Fortunately, participants do manage to decrease their disapprovals and increase their praise which in turn results in reported changes in the behaviors of those receiving the approvals. For example one single mother stated that prior to increasing approvals, "My daughter and I usually argue the entire time we spend working on her homework." But, "approvals saved time spent on doing homework as well as improve the way Alexis and I communicate with one another. We decreased our arguments and now look forward to doing homework together." When the target of the approvals is the behavior of a spouse, marital relations typically improve. One wife reported, "the more approvals given created a much better atmosphere in our home. I actually saw an increase in my husband's attempts at helping with the household chores the more I praised him, and he became much more responsive (smiling, telling jokes, willing to listen, and affectionate). Before the negativity seemed to snowball." Over the years several of my student participants have reported that increased praise during the day resulted in increased intimacy during the night!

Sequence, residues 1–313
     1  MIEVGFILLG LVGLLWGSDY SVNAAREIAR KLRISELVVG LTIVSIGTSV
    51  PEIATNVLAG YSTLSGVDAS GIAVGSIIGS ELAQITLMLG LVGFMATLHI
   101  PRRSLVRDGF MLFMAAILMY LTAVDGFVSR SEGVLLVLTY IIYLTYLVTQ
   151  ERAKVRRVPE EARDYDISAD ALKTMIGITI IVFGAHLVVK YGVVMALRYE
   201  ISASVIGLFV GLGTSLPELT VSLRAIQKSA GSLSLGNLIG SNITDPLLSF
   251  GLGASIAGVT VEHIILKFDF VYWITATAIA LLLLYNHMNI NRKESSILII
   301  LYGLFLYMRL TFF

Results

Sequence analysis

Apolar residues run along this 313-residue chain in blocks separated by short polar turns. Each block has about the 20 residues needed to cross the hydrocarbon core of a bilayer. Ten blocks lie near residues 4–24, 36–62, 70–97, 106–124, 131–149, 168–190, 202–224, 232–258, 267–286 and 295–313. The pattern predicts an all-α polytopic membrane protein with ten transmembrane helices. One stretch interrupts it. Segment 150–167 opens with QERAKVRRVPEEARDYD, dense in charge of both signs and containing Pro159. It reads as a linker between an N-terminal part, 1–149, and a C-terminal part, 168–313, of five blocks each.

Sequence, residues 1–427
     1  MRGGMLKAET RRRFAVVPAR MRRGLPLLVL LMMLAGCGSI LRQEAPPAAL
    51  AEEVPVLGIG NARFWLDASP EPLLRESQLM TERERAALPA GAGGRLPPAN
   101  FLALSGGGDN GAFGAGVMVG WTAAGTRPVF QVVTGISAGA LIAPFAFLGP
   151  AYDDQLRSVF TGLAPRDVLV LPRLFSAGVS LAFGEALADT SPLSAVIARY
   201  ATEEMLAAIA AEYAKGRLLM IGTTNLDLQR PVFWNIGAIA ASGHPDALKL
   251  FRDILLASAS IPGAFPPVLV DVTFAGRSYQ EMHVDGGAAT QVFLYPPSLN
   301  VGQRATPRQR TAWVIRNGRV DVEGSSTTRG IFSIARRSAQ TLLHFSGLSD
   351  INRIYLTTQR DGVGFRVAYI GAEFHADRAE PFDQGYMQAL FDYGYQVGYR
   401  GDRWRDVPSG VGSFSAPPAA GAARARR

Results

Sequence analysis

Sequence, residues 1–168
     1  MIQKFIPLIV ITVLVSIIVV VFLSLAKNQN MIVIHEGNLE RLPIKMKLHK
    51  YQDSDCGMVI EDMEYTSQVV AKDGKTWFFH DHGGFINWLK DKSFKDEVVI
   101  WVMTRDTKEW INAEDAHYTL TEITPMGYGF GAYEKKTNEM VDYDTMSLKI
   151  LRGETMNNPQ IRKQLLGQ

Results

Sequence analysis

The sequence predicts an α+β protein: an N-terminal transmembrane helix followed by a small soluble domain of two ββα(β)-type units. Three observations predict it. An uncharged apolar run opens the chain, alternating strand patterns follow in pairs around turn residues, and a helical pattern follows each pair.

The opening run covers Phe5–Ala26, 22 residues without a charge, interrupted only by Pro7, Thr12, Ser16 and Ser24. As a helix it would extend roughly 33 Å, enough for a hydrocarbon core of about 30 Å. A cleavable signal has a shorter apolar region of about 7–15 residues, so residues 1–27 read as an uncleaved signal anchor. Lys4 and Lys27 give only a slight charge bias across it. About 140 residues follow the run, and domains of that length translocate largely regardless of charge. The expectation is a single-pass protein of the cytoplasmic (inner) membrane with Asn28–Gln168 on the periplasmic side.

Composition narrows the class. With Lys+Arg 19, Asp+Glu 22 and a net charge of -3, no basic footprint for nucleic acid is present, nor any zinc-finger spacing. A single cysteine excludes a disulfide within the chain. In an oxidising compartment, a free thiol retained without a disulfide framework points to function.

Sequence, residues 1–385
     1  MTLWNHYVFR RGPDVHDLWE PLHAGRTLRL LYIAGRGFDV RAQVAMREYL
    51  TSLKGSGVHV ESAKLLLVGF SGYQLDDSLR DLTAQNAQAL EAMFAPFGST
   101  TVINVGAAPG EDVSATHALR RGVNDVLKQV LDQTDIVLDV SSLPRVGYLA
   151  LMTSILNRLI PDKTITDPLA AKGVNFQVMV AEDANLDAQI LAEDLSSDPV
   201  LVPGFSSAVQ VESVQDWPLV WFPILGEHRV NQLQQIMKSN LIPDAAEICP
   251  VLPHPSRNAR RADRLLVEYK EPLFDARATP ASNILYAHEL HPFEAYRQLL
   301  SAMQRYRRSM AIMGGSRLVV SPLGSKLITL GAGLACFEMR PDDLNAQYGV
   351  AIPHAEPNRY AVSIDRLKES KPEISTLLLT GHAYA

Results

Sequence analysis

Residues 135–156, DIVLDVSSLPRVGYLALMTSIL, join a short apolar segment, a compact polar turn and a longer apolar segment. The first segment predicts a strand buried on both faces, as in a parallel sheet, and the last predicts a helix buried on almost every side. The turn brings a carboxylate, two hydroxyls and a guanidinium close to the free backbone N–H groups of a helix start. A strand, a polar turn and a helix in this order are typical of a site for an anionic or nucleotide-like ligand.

When the behavior of one child is praised, teachers and parents often find that other children then imitate the behavior. "When I gave a verbal approval to a child, many of the children involved in the activity began to work harder in an effort to get praise as well," reported one teacher. "If I commented on how I liked what one student was doing then many other children began to do the same thing."